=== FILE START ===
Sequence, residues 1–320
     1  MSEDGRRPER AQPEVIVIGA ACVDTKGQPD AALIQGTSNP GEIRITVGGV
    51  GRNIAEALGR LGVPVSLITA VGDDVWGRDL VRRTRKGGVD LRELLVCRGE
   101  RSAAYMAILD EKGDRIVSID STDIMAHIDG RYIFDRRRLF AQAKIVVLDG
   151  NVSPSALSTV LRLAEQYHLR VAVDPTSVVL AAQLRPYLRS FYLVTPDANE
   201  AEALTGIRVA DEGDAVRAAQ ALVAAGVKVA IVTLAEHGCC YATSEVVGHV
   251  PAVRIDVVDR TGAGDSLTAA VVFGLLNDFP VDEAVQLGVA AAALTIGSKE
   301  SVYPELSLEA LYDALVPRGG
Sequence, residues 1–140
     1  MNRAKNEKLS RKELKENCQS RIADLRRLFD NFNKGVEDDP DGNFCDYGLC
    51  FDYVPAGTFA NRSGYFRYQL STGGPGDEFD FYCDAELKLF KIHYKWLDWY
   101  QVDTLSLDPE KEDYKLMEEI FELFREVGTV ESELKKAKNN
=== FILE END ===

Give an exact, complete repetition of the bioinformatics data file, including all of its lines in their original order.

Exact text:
Sequence, residues 1–320
     1  MSEDGRRPER AQPEVIVIGA ACVDTKGQPD AALIQGTSNP GEIRITVGGV
    51  GRNIAEALGR LGVPVSLITA VGDDVWGRDL VRRTRKGGVD LRELLVCRGE
   101  RSAAYMAILD EKGDRIVSID STDIMAHIDG RYIFDRRRLF AQAKIVVLDG
   151  NVSPSALSTV LRLAEQYHLR VAVDPTSVVL AAQLRPYLRS FYLVTPDANE
   201  AEALTGIRVA DEGDAVRAAQ ALVAAGVKVA IVTLAEHGCC YATSEVVGHV
   251  PAVRIDVVDR TGAGDSLTAA VVFGLLNDFP VDEAVQLGVA AAALTIGSKE
   301  SVYPELSLEA LYDALVPRGG
Sequence, residues 1–140
     1  MNRAKNEKLS RKELKENCQS RIADLRRLFD NFNKGVEDDP DGNFCDYGLC
    51  FDYVPAGTFA NRSGYFRYQL STGGPGDEFD FYCDAELKLF KIHYKWLDWY
   101  QVDTLSLDPE KEDYKLMEEI FELFREVGTV ESELKKAKNN